Religious Discrimination

It is illegal under both Federal and State Law to discriminate in the "terms or conditions of employment" on the basis of a person's religious beliefs or practices. "Terms or conditions of employment" pertains to many aspects of a person's job: interviewing, hiring, your position, pay, title, hours, vacation, reasonable accommodations to observe Sabbath or other religious days, and other terms of employment.

According to Federal Law, employers must make reasonable accommodations of a person's religious beliefs or practices in the workplace, unless doing so would create an undue hardship on the employer. Undue hardship is found when the accommodation is economically hard, or when accommodating the religious beliefs of one employee are unfair to other employees who do not have the same beliefs. However, most of the time accommodations do not create an undue hardship. Further, it is inappropriate and many times illegal for your employer to ask about the specifics of your religious beliefs, your availability for future holidays based on religion, or to require a dress code that violates a person's religious beliefs or practices.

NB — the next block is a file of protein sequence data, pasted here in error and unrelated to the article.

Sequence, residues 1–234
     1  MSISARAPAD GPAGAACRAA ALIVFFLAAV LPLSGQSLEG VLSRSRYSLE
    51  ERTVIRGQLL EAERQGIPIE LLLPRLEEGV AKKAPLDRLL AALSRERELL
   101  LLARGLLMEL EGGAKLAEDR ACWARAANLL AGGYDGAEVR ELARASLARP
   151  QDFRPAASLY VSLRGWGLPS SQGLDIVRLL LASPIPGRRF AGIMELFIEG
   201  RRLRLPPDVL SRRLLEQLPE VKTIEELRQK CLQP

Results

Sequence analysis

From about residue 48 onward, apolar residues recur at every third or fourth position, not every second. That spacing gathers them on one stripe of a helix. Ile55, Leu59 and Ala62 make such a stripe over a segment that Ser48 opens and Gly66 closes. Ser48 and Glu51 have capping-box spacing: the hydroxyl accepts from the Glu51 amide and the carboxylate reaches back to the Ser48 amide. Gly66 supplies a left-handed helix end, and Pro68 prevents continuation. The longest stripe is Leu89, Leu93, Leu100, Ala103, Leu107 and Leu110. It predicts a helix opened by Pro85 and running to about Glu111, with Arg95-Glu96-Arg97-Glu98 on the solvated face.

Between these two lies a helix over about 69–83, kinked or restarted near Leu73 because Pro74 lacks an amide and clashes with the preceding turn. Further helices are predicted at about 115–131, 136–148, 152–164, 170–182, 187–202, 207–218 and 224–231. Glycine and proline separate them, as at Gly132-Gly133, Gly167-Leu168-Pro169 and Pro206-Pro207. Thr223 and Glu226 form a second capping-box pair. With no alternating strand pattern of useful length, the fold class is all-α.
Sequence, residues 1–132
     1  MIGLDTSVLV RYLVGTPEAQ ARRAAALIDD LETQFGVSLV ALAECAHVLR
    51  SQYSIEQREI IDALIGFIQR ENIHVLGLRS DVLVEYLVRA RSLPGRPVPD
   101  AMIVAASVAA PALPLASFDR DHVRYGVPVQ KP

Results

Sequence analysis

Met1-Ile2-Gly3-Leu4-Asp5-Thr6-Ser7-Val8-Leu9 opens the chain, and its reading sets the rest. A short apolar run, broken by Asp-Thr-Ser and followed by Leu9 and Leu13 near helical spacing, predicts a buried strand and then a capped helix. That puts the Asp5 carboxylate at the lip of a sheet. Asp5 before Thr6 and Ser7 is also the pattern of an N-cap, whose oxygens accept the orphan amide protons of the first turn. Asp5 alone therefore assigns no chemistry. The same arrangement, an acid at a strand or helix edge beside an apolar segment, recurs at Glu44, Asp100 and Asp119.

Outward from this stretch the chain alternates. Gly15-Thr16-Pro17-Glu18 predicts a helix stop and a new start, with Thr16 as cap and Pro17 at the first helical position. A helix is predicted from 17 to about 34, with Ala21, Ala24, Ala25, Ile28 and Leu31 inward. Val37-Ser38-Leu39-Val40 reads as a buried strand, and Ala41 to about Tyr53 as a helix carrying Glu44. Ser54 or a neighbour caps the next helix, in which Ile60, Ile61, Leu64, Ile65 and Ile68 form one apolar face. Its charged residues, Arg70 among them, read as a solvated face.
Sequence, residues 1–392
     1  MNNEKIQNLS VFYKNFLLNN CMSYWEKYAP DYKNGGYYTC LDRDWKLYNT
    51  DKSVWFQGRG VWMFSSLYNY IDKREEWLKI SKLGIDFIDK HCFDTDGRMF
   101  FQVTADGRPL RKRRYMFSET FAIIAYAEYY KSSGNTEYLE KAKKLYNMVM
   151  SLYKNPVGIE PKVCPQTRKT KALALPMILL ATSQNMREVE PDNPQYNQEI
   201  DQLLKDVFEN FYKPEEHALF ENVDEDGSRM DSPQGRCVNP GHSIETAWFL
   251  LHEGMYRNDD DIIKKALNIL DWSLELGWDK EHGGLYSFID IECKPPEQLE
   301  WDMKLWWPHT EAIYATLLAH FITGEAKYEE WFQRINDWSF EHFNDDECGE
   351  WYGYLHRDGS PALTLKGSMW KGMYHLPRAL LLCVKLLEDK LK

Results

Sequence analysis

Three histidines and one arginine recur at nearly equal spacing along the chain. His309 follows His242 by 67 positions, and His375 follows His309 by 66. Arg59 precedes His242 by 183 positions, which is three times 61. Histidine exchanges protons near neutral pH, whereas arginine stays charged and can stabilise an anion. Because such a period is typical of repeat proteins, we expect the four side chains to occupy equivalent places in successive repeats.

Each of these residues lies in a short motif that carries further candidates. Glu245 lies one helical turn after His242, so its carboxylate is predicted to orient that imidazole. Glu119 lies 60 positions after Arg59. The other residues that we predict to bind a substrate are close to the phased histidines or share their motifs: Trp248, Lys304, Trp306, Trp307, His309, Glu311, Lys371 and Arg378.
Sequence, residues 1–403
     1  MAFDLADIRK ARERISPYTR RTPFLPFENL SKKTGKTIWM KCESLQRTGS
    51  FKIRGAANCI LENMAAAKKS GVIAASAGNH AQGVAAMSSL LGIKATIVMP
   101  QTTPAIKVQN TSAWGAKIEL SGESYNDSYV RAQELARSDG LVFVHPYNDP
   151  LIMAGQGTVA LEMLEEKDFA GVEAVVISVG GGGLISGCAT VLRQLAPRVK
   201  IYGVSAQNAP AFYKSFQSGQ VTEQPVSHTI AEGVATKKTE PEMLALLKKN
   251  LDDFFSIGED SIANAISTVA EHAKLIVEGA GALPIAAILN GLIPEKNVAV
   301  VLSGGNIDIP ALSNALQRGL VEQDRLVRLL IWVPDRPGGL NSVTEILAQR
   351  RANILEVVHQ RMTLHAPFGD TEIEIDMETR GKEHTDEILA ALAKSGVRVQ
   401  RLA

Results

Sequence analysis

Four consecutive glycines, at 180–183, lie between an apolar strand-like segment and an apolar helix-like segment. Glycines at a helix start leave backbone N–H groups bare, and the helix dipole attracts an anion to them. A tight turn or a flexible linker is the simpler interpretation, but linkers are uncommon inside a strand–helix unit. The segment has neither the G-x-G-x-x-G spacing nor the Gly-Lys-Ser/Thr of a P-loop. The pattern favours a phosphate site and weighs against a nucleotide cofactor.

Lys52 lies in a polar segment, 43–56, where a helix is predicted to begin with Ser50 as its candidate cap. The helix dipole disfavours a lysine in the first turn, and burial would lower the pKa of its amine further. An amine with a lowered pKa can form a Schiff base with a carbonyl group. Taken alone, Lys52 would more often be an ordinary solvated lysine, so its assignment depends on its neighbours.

Sometimes religious discrimination is compounded by national origin discrimination and racial discrimination. Many cultures have a national religion or a practice that is not Judeo-Christian based or reflected in mainstream American culture. Further, religious discrimination can also happen to atheists.

If you have received harassment based on your religious beliefs, practices, lack of religious beliefs or practices, or your dress (such as wearing a yarmulke at work) you may be the victim of religious discrimination. It is illegal for you to be treated differently than other employees who do not share your religion or beliefs. It is important to contact an experienced discrimination attorney to discuss your situation and how the law may be able to help.

Further Information